C. Malicious prosecution claim.
Baker alleges Mullins and Paolucci participated in a malicious prosecution against him, in
violation of the Fourth Amendment.1 To make out a claim for malicious prosecution, Baker must
show four elements: (1) Defendants made, influenced or participated in the decision to prosecute
Plaintiff; (2) there was a lack of probable cause for the criminal prosecution;2 (3) as a consequence
of a legal proceeding, Plaintiff suffered a deprivation of liberty apart from any initial seizure that
may have occurred as part of Plaintiff’s arrest; and (4) the criminal proceeding terminated in
Plaintiff’s favor. Sykes v. Anderson, 625 F.3d 294, 308-09 (6th Cir. 2010).
Plaintiff argues in reverse, emphasizing that his criminal case was dismissed and affirmed
on appeal. Yet, addressing the test in the proper order, Plaintiff cannot satisfy the first prong of
the test because there is no evidence Mullins and Paolucci participated in prosecuting Plaintiff.
An arresting officer can be liable for malicious prosecution if he “made, influenced, or
participated in the decision to prosecute.” Sykes, 625 F.3d at 311 (quoting Fox v. DeSoto, 489 F.3d
227, 237 (6th Cir. 2007)). But an officer’s “participation must be marked by some kind of
blameworthiness, something beyond mere negligence or innocent mistake.” Johnson v. Moseley,
790 F.3d 649, 655 (6th Cir. 2015). If the officer plays no role after making an arrest, he cannot be
Baker does not bring a malicious prosecution claim against the Kenton County Commonwealth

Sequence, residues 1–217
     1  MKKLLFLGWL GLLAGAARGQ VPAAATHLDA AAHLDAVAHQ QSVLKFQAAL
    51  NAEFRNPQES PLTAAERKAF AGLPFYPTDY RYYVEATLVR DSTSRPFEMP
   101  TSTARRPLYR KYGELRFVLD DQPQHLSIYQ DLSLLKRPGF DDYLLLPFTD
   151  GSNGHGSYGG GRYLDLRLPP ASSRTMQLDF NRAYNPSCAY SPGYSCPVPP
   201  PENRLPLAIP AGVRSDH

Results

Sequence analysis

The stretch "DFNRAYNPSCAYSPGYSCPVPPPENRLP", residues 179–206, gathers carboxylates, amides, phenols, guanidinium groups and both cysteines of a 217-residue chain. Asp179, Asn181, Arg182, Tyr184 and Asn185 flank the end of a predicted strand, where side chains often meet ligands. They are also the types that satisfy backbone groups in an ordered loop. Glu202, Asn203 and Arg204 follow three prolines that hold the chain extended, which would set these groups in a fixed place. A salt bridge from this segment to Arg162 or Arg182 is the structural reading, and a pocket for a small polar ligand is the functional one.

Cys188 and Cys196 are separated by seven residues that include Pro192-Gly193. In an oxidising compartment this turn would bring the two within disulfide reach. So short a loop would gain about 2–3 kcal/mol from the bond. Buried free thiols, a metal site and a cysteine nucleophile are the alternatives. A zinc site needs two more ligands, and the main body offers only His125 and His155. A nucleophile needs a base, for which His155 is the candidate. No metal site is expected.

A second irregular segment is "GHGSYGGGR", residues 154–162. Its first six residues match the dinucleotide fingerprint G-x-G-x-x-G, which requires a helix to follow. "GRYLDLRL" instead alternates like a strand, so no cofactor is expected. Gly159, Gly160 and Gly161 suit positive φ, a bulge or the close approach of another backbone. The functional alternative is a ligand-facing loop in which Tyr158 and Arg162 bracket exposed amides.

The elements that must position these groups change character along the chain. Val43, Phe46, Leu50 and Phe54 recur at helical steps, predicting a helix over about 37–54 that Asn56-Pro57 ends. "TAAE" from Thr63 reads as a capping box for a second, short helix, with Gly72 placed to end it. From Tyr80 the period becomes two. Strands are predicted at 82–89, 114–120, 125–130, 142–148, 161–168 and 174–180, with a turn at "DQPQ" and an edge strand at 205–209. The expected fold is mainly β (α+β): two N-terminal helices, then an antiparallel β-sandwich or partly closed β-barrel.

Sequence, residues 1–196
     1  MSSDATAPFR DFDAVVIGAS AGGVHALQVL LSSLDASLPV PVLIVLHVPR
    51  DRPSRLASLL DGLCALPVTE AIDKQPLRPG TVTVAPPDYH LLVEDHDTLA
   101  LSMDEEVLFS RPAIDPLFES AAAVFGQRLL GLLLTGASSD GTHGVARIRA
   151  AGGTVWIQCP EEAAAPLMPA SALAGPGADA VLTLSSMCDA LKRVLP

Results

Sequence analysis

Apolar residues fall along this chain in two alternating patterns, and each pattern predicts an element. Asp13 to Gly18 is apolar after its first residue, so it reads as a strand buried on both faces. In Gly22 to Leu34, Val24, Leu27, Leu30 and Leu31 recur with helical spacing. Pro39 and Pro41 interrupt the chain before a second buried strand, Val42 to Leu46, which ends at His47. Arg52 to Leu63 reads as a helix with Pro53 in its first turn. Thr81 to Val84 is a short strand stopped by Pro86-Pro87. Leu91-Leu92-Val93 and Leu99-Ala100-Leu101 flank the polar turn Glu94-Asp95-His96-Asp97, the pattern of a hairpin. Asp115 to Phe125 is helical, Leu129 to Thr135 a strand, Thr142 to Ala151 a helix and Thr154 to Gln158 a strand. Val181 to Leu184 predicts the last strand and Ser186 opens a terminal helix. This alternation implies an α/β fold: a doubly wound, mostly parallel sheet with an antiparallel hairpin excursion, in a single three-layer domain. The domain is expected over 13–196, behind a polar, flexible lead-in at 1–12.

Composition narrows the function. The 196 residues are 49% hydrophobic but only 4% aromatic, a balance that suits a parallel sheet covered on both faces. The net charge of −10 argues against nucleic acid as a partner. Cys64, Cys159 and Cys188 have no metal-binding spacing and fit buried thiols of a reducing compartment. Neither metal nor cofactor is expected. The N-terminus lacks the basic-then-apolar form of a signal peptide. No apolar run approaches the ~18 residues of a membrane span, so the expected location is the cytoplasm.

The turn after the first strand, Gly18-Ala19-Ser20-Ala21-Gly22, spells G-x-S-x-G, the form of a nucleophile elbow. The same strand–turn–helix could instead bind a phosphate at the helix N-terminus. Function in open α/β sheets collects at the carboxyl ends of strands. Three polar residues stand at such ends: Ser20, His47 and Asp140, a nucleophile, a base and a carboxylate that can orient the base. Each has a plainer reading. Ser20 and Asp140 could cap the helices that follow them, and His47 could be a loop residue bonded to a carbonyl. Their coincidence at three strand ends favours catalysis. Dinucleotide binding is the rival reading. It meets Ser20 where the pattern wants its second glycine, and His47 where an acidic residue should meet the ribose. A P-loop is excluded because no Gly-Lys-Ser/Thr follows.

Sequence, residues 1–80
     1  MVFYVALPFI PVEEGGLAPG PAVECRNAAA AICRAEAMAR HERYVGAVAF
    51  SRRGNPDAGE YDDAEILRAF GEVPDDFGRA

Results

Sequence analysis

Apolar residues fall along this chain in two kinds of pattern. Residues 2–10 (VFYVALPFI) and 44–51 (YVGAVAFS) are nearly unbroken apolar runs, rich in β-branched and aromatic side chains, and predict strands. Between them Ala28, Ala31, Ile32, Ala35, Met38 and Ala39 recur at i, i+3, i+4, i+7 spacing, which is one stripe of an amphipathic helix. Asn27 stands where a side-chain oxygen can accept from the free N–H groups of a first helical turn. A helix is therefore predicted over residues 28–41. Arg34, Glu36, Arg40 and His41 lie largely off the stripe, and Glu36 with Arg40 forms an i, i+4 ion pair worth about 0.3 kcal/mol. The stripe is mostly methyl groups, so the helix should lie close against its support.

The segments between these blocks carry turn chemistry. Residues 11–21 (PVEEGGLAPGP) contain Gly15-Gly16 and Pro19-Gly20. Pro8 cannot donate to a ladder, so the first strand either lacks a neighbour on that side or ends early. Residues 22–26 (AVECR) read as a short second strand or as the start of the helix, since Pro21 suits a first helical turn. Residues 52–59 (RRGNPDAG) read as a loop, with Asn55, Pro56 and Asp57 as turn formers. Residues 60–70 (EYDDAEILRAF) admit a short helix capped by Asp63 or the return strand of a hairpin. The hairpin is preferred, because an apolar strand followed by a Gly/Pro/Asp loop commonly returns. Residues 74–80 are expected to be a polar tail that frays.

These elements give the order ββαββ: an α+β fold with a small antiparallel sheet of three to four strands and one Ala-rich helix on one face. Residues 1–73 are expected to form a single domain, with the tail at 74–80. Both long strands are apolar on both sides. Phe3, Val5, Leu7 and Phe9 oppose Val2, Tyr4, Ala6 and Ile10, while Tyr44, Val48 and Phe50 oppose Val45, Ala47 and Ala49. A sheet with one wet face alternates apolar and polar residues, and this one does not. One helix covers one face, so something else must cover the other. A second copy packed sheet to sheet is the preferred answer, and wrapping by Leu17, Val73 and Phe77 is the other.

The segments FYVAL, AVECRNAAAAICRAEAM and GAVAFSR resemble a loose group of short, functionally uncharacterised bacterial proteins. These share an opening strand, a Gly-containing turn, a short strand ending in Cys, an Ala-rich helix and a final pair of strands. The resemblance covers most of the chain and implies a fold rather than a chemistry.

Attorney, or anyone in that office. Such suits are barred. See, e.g., Howell v. Sanders, 755 F.
Supp. 2d 789, 797 (E.D. Ky. 2010), aff’d, 668 F.3d 344 (6th Cir. 2012).
Mullins and Paolucci note that a finding of probable cause above would address the second prong.
Garcia v. Thorne, 520 F. App’x. 304, 307 (6th Cir. 2013); see also Bach v. Drerup, 545 F. App’x.
474, 478 (6th Cir. 2013)(citing Darrah v. City of Oak Park, 255 F.3d 301, 312 (6th Cir. 2001).
Yet, probable cause means not only probable cause to make the arrest, but also probable cause
to “initiate the criminal proceedings.” Sykes, 625 F.3d at 311. To prevail on summary judgment
on this prong, Mullins and Paolucci would have to show that no reasonable jurors would believe
the Commonwealth lacked probable cause when it began prosecuting Baker.
liable for malicious prosecution. See Guerra v. Rodriguez, CIV. 10-199-JGW, 2012 WL 208083,
at *11 (E.D. Ky. Jan. 24, 2012). Making the decision to prosecute is in the sole discretion of the
prosecutor’s office in Kentucky. Thus, Mullins and Paolucci did not make the decision to
Nor did Mullins and Paolucci unduly influence the decision to prosecute. The Sixth Circuit
has found that an arresting officer can be liable for malicious prosecution if he fails to provide
prosecutors with “truthful materials.” Sykes, 625 F.3d at 314; see also Billock v. Kuivila, No. 4:11CV-02394, 2013 WL 591988, at *4 (N.D. Ohio Feb. 14, 2013). Mullins and Paolucci provided the
arrest report summarizing the events at the roadside, the video of the arrest, and the results of the
blood, urine, and breath tests. None of this was misleading or false. Thus, Mullins and Paolucci
did not improperly influence the decision to prosecute Baker.
Finally, Mullins and Paolucci did not participate in the decision to prosecute Baker. Within
this context, Mullins and Paolucci must have “participate[d] in a way that aid[ed] in the decision,
as opposed to passively or neutrally participating.” Sykes, 625 F.3d at 309 n.5. The only potential
evidence of participation is an email from Paolucci to Kenton County prosecutor Christopher
Nordloh asking whether Nordloh planned to appeal the district court dismissal, and indicating
Paolucci’s unfamiliarity with the appellate process. (Doc. 49-9). Reading the email, it is clear